As a result of the continuing presence of the military, one of two things could occur: either there’ll be a relatively independent NLD government, which will then be circumscribed by constraints imposed by the military, or there’ll be an NLD government which will make deals with the military in advance. The military’s key interest will be to ensure its position in the country as the guardian of the nation’s security and territorial integrity, and more importantly, as the protector of the country’s elite, mainly ex-generals who have accumulated vast amounts of wealth and their businessmen friends who have amassed fortunes through their mutually symbiotic relationship with the country’s military junta.
What is the probability that there will be changes to the constitution? I think the probability is very low, at least in the short term. From my reading of what's happening in Myanmar, the military is very clear that it does not want Aung San Suu Kyi to ever be the president. Therefore her remarks that "I will be above the president" or "I will represent the country with the president next to me in international meetings" are not going down very well with the military. The military was taken by surprise by the elections. They very likely feel threatened by the current situation, and will be sensitive to potential threats to their position in the country. In a meeting of the Myanmar Peace Center just yesterday, tensions were high. The NLD representative was unfortunately dismissive of the USDP and the military who then reacted badly. This is a country which has deep wounds inflicted over 60 years of military rule, that there's a lot of accumulated "poison" that has to be gradually released. As a result, at any point, small missteps could be misunderstood or misinterpreted which could then derail the transition itself.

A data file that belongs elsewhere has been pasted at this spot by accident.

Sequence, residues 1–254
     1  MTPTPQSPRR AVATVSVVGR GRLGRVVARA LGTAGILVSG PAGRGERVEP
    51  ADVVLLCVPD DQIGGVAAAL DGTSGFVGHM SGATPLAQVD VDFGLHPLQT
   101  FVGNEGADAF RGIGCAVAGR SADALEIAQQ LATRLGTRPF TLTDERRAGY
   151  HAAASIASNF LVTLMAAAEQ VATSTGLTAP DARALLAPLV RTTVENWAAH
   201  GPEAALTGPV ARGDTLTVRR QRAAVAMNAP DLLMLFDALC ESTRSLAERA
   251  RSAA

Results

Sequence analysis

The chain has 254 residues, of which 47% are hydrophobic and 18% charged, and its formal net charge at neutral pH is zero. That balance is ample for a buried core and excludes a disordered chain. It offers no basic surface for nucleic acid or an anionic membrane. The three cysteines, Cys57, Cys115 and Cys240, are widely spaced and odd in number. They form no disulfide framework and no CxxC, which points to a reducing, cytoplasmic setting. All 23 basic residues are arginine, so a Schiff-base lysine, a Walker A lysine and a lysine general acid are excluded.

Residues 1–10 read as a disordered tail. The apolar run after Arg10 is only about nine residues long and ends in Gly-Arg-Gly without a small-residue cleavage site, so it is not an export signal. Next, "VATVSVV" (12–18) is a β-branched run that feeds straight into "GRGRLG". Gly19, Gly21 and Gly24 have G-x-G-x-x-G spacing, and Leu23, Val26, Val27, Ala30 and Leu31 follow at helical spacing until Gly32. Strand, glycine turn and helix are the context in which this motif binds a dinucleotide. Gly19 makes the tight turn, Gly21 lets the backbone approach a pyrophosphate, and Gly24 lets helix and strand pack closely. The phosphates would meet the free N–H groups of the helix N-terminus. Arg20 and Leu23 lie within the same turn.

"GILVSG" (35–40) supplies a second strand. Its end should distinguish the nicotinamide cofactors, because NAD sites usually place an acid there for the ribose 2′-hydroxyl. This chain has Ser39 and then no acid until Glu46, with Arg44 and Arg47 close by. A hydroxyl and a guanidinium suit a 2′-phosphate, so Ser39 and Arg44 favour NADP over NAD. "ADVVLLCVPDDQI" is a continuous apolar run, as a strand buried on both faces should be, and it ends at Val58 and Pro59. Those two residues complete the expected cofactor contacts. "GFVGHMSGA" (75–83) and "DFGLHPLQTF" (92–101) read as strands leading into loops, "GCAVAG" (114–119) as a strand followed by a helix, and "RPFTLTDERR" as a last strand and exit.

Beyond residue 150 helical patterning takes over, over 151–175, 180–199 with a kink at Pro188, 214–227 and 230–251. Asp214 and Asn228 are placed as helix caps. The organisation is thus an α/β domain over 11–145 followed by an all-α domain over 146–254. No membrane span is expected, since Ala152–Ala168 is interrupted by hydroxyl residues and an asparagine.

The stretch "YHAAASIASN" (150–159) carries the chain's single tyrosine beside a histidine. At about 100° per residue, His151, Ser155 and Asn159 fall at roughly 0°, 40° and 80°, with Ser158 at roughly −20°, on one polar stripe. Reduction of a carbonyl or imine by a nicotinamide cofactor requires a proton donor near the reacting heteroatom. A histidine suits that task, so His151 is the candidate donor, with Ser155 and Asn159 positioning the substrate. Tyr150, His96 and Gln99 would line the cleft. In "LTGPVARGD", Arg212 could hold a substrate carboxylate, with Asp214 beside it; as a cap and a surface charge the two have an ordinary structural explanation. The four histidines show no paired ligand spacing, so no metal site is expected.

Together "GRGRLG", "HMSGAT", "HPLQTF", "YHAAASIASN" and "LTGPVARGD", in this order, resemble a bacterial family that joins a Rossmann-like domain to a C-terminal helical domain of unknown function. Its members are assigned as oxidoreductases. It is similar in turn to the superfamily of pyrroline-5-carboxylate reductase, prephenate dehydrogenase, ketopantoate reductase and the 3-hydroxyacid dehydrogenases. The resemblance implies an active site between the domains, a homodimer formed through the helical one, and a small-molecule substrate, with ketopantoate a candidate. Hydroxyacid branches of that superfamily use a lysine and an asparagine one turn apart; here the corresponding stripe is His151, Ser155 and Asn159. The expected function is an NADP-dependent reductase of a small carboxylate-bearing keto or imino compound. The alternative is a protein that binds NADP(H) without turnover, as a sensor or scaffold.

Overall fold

As to the second half of the question of what'll happen to the economy, I’m not sure anyone knows. The economic part of the NLD platform was written by an Australian economist and does not truly represent thinking within the NLD. At the same time, no one really knows what the NLD thinks about economic policy because this is a party that has not focused on policies but on one single personality - Aung San Suu Kyi's. And Suu Kyi hasn't made a single statement, as far as I'm aware, on economic policy. Her entire focus appears to have been on changing the constitution. She's been virtually silent on economic issues and deflected questions on other sensitive questions, such as communal problems and the Rohingya issue in Myanmar. Frankly, at this point, the NLD’s intentions on economic policy are somewhat of a black box. One can only hope that once in power they stay the course on creating a market-based economy, strengthening macroeconomic stability, and supporting infrastructure development, but we'll have to wait and see.